Your first day at your new job
On your first day, you may not do much work related to your position. There will likely be administrative things to finalize, including filling out employment paperwork (including healthcare and 401(k) information), setting up your computer and workstation, or getting a company ID so you can access the building. Be sure to bring along your Social Security card and a piece of photo identification; your employer may need this information for your paperwork if you haven't provided it already.
Your employer may assign someone to review with you the basics of working at the company. They may take you on an office tour, introduce you to coworkers and provide insight into daily routines. Listen carefully, feel free to take notes, and don’t be afraid to ask questions.
If your company doesn’t couple you with a co-worker, find someone who's willing to answer your questions. That may be a recent hire who’s experienced the same issues you’re curious about, or administrative staff.
Depending on the company size, you may also join an orientation with other new employees. These programs can be a good way to make friends early on. Orientation often covers human resource policies and benefits, including insurance, retirement plans and vacation time.
Understand your new job’s benefits
During your first days, a human resources staff member may give you insurance and retirement documents to fill out. If this is your first job out of college, these benefits may not make much sense, but you should feel free to schedule time to discuss things like your 401(k) with HR if you have questions. Retirement is a long way off, and different insurance policies, like disability, may not seem applicable.
But this is the perfect time to maximize your savings and retirement plan. Get in the habit of putting away the most you can for retirement, especially using direct deposit. Not only will the money grow over a longer period of time but your company may match funds depending on the amount you contribute. That’s free money for you, and you should take advantage of it.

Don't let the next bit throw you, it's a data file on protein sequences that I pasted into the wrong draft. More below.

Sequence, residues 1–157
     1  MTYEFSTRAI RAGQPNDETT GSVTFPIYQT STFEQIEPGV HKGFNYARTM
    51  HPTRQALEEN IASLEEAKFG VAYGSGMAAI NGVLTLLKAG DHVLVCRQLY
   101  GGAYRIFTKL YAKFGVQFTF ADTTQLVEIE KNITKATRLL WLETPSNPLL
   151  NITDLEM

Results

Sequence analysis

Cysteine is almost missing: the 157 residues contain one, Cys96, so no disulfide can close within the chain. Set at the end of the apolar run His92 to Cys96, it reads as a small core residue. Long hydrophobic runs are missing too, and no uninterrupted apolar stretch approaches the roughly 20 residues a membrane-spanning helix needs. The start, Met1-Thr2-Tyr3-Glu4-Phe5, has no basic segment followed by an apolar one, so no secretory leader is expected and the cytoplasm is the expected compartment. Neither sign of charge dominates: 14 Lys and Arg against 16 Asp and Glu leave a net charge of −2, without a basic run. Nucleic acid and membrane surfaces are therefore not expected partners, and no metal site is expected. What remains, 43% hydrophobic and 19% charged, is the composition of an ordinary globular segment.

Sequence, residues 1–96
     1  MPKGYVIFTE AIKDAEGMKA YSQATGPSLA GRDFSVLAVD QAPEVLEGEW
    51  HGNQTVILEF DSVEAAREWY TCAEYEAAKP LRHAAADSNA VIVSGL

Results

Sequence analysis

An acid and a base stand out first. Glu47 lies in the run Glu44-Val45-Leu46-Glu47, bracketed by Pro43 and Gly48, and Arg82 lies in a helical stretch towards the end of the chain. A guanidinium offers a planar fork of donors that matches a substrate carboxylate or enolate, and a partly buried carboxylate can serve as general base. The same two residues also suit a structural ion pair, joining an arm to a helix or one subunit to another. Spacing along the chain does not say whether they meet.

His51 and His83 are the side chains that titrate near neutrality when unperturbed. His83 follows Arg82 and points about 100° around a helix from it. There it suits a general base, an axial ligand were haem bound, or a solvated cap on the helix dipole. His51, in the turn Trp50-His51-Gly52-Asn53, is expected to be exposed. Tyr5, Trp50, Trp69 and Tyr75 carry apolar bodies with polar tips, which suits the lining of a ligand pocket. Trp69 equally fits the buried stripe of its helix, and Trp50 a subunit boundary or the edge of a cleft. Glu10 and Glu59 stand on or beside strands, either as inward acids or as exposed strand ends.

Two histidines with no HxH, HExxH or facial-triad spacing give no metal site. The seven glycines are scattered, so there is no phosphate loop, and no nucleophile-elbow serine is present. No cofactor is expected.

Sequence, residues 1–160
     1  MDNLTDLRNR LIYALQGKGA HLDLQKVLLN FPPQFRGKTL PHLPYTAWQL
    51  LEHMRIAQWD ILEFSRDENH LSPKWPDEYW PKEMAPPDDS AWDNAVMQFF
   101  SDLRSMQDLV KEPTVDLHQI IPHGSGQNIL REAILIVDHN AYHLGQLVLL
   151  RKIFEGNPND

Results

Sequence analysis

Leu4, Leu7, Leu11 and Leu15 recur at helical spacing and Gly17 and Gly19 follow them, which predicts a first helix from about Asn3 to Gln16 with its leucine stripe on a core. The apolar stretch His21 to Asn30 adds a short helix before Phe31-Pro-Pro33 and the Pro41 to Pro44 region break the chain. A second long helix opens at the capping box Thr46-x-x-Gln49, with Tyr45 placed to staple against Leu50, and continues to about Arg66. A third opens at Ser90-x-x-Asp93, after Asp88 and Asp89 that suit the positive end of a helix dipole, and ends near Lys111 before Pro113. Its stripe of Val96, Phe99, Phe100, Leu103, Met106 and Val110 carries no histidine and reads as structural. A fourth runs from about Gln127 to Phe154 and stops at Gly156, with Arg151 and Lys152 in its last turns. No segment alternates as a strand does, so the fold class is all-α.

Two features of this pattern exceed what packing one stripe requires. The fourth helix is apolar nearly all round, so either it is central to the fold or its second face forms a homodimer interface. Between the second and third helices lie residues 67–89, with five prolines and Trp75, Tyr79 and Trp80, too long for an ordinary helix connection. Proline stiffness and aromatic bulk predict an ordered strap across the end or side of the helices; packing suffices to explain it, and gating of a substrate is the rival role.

Understanding retirement and investment options can be confusing. Sometimes your human resources contact can advise you or refer you to the investment company your company works with. You can also speak with an independent investment planner who can give you customized advice to help you with your finances. Use this first job as a way to set yourself up for the future by taking control of your financial future.
How to meet people at your new job
Don’t hesitate to introduce yourself around the office. There will be ample opportunities for first interactions that set a positive tone. For example, when you see someone at the coffee machine in the morning, say hi and tell them you’re new.
You may not have any idea of the person’s status at the company when meeting them, and it doesn’t matter what level they are. But looking like a friendly person who's excited to have joined the company will make you look good and feel good, too.
What to expect the first 90 days on the job
During your first 90 days on the job, learn who you're working with, including colleagues in your department and individuals you’ll be supporting in different areas. Ask them out for lunch or bring coffee to share in the break room to get to know them better. Spend time listening to them. Find out more about the company, particular projects and any potential obstacles they're anticipating where you may be able to offer support.
Ask a lot of questions but don't offer your opinion too quickly. While you may have fresh ideas, it’s important to fully understand the situation before suggesting changes, and that includes understanding the personalities of the people who may have been working at the organization for much longer. Ideas must be balanced with personalities in the office, so be tactful when offering suggestions for change. If you're looking for companies to apply at, consider Nationwide for your first job out of college. Search for positions at Nationwide.